The scenery was, once again, unbelievable. Only now I had battery power for the camera, and plenty of room to stop and take pics. I actually walked under the pipeline and took some pics. It was way cool.

 About 12 miles before the Yukon River there was road construction. Traffic had to wait on the Pilot Car to come and get us. There were only a few bad spots in the construction zone that spiked my pucker factor, one of them being semi deep mud. The construction zone lasted for 10 miles.

 After that I had to wait at the Yukon River Bridge, the only one that spans the river. It's a wooden deck bridge, and they were redecking it. When it came to my turn I took it slow and dodged the potholes. I stopped for gas there as well. I think I topped it off a little too much. I left the bike on the side stand while I had a burger, and then walked down to the Yukon River for some pics. When I got back to the bike, it was leaking fuel. As it was coming out of a tube, I figured it was ok.

 While I was at the river, Jason and Scott showed up. I spoke with Jason for a few about the road. I thought it would be horrible, full of thick mud, potholes the size of small cars, and rocks as big as your fist. But it wasn't. This is when I realized that every viewpoint is just an opinion. Someone who hated the road would say it was horrible, someone who loved it would say it was great. In the end, the only way to know is to see it for yourself. (I made an analogy of the road to liver. I asked Jason if he liked liver, he said no. I asked if he liked carrots, he said yes. I asked how the road was, and he understood it was all based on opinion). I then went to my bike to head out (which brings us full circle back to the gas leak).

 I have to say it was very nice going solo today. The vast stretches of solitude were welcome (true solitude, not by yourself in a city solitude).  I found that the world melted away, and it was just me and the road. It felt good, but strange at the same time, not to think of work, or family, or money. Just the road, what path to take, throttle up or down, brake or coast. I ran through deep mud, gravel, potholes, and had a ball. You should have seen how dirty the bike got.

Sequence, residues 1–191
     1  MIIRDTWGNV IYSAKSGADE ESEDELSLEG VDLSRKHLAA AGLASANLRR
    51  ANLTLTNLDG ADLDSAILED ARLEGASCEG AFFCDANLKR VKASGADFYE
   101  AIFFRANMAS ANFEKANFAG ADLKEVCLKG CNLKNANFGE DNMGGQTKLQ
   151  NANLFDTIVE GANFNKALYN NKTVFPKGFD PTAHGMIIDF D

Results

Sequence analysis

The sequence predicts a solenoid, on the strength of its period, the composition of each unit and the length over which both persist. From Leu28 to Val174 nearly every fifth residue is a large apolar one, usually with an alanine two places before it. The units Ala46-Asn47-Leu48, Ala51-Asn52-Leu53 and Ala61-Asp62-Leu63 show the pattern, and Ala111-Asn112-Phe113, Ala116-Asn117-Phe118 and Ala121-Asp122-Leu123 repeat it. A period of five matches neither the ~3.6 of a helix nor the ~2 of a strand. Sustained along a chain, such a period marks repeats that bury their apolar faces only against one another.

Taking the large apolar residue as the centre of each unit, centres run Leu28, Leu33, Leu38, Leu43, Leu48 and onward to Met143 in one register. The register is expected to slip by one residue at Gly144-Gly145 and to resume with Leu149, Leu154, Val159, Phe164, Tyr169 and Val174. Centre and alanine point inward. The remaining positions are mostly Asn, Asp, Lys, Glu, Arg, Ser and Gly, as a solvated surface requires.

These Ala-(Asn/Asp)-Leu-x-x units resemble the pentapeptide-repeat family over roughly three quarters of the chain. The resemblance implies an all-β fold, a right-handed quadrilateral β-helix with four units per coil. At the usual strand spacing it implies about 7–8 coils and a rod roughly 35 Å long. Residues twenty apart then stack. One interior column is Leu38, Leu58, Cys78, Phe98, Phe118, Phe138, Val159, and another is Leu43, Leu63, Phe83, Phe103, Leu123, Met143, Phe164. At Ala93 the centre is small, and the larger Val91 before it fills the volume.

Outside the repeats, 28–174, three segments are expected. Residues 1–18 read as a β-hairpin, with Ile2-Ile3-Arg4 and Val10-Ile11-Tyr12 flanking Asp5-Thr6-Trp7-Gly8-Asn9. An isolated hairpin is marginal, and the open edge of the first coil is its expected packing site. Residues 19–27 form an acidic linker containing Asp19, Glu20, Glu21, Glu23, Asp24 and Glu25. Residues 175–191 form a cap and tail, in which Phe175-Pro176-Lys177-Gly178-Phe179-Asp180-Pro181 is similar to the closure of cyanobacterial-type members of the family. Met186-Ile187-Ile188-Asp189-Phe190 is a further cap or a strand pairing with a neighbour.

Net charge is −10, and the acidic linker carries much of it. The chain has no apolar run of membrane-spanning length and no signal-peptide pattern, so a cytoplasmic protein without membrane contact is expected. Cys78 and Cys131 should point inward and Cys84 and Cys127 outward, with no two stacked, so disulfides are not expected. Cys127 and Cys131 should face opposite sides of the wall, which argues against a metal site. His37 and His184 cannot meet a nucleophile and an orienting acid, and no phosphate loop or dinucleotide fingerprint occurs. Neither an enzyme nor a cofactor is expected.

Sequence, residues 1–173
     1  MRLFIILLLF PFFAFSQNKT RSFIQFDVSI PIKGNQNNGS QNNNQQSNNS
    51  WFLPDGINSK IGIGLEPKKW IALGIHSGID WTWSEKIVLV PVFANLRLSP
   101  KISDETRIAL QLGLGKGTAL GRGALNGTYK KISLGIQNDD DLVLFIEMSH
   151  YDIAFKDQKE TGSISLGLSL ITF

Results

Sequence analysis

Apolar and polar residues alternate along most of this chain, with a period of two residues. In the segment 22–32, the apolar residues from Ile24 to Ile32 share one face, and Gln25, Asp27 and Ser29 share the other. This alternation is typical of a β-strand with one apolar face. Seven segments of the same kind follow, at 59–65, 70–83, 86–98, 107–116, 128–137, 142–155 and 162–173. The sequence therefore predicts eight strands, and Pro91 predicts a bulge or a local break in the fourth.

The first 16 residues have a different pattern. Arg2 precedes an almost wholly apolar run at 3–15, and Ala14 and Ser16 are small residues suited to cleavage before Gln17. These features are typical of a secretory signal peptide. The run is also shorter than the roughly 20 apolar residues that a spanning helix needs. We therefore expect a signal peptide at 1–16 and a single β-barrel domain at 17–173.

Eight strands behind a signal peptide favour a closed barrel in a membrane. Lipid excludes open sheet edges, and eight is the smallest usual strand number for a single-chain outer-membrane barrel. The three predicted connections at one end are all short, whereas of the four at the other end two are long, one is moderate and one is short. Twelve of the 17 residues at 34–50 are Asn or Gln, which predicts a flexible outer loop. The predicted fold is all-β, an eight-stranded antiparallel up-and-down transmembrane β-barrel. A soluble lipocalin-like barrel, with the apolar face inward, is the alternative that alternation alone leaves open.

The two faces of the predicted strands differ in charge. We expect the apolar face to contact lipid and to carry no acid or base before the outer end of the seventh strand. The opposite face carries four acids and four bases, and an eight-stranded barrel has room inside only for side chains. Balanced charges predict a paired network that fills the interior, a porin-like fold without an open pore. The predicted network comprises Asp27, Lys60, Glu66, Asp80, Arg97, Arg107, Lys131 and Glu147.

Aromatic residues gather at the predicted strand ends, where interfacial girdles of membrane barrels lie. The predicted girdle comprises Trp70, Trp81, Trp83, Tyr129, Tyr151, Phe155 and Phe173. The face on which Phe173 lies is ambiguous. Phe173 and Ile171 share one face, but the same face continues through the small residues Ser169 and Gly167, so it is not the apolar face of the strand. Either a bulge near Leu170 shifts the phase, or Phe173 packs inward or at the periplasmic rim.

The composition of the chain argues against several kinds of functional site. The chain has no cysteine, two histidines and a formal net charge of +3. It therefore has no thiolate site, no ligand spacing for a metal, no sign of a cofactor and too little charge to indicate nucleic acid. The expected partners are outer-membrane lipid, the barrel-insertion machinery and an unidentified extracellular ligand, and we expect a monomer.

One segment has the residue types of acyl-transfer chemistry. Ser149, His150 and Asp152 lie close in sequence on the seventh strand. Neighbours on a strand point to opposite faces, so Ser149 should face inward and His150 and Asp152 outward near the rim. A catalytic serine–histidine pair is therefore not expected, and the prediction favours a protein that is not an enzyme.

My next stop was the Arctic Circle. There's a little green sign that points the way. I went up there, positioned the bike, and took some pics. An older couple and their sister came in after I set the bike up. They asked about the trip and I got them to take some pics of me.

 Then came Finger Mountain. There are all these rocks everywhere that stick up and look like fingers. Once I left there an oversized truck came by. His follower said on the CB "those BMW riders are putting us Harley riders to shame”. I guess they didn’t figure that I was listening in.

 Around 8:30 I got to Coldfoot. I went to the Arctic Visitors Center, looked around and bought a patch. Jason and Scott pulled in as I was leaving. Then it was off to find a room. I found one at Coldfoot (there is only 1 stop in Coldfoot, kinda hard to miss).

 I spoke with some other BMW riders who had rented a car for this part of the trip. They too loved the story. We chatted about the road as they had gone as far as Atigun Pass. They warned me about a section of fresh, deep gravel right next to a road maintenance camp.

 I got a room (@ $159) and went to unpack. Then over to the restaurant for dinner. I had a patty melt, fries, and salad for $14.83. It might be a little expensive, but it sure was good. After all, it’s not like you can go to the place next door for food (there is no place next door). I talked with 3 people during dinner. They all were fascinated by the trip. Some of them told me about the Harley group that came through.

 Apparently a group of 43 Harley riders were doing a charity ride from Deadhorse, AK to Key West, FL. Only 3 of the bikes made it out of the Haul Road. They brought extra bikes, just in case. All of those got messed up too. Bikes were totaled, frames bent, wheels bent, etc… They even had to life flight out a few of them. I know I wouldn’t ride this road on a Harley!

 I called ahead to Deadhorse to give my info for the tour. They do a background check on you, just to make sure you aren’t going to blow them up. One of the bakers took my info. Then back to the room for a shower.

 I am not quite sure what made today so great. I am sure the scenery and true solitude had something to do with it. But more than anything else, I think it was living up to my goals and overcoming my fears. After all, I almost copped out on the whole trip a few days ago on the way to Toad River. One of my good friends passed these words on to me, and they have become my mantra:

Don't be afraid to fail, be afraid not to try.